January 25 2012
Say it ain’t so, Mitt:
Romney Rethinks Key Income-Tax Break
The tax break that Romney is reconsidering is one that has helped to make him as rich as he is—it is the carried interest break.
Carried interest is the “share of profits that partners in private equity firms, hedge funds and real estate developments receive as most of their compensation.” It is currently taxed at the 15 percent capital gains rate instead of the higher rate for ordinary income.
Here is how the Wall Street Journal explains carried interest:
Congress has held since the 1970s that carried interest deserves to be taxed at a lower rate because it is at-risk capital that only materializes if a fund invests wisely, and because when you tax something—such as risk taking—you get less of it. Mr. Romney didn't write this "loophole." He is merely following the law that Senate Democrats like Chuck Schumer have spent years protecting.
Raising the tax rate for such income will bring in almost zilch additional income to the U. S. Treasury. But it will do two things: it will prevent rich people from investing their money and it will keep many people from becoming wealthy. I don’t know about you, but I want people to have a chance to do both. (Raising this rate could actually reduce tax revenue over the long haul because it would stifle investing.)
Predictably, Romney’s rethinking of carried interest comes on the heels of the brouhaha about his tax returns. Romney acts as if it is embarrassing to be rich and is therefore susceptible to taunts from the likes of Senator Carl Levin:
“The public wants loopholes-closers, and the Romney tax returns are a poster child of these loopholes,” said Carl Levin, chairman of the Senate Armed Services Committee. The senator plans to introduce a measure to increase revenue and favors limiting the tax break, his spokesman Gordon Trowbridge said in an e-mail.
A good case can be made for ending loopholes by adopting a flat tax. But what Romney is really the poster child for something else:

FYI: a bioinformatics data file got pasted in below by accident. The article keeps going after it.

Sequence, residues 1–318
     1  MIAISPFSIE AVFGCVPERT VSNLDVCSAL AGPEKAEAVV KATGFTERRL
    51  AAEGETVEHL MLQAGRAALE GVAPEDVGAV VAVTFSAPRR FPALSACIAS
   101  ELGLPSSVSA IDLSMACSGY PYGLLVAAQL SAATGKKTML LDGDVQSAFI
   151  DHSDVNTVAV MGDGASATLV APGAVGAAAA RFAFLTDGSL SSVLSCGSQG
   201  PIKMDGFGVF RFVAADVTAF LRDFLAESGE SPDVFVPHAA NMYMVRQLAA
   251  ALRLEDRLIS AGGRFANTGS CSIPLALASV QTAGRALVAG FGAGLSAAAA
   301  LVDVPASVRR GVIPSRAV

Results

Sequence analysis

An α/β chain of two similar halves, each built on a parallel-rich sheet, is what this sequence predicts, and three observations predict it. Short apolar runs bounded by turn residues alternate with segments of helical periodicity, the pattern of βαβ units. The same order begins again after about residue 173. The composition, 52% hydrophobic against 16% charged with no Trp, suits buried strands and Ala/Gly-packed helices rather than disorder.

[W]hat the world really learned from the tax returns the GOP candidate released yesterday is that he is a walking argument for pro-growth tax reform….
Mr. Romney should put his own returns in the trophy case as evidence of the need for a major tax reform: Lower, flatter rates and a broader base will generate more jobs and economic growth. It might be reasonable, for instance, to treat carried interest as regular income in the context of lowering the corporate rate to something that is remotely competitive world-wide.
The problem isn't that Mr. Romney is paying too little, but that Mr. Obama wants everyone but his voters and green business cronies to pay too much.
Romney could also use the discussion of his tax returns, the Journal urges, to point out that the U.S. doesn’t have nearly enough rich people to pay for the Obama agenda (or for the government we now have, for that matter). According to IRS data, there are only 8,273 taxpayers other than Romney who had an income greater than $10 million in 2009. To hear President Obama talk, you’d think that these slightly more than 8,000 taxpayers could foot the bill for running the country. Of course, ultimately, we’ll all face higher taxes if we continue on this course.
And—face it—this dust up over the Romney tax returns is purely political anyway:
We don't recall the combined effective 13.1% rate of John and Teresa Heinz Kerry leading to a national debate about the tax-free treatment of municipal bonds in 2004, but then Mr. Obama doesn't have much else but Mr. Romney's taxes to run on. Anyhow, if Mr. Romney thought he could change the subject and avoid an argument about government and income inequality, last night the President told him he couldn't.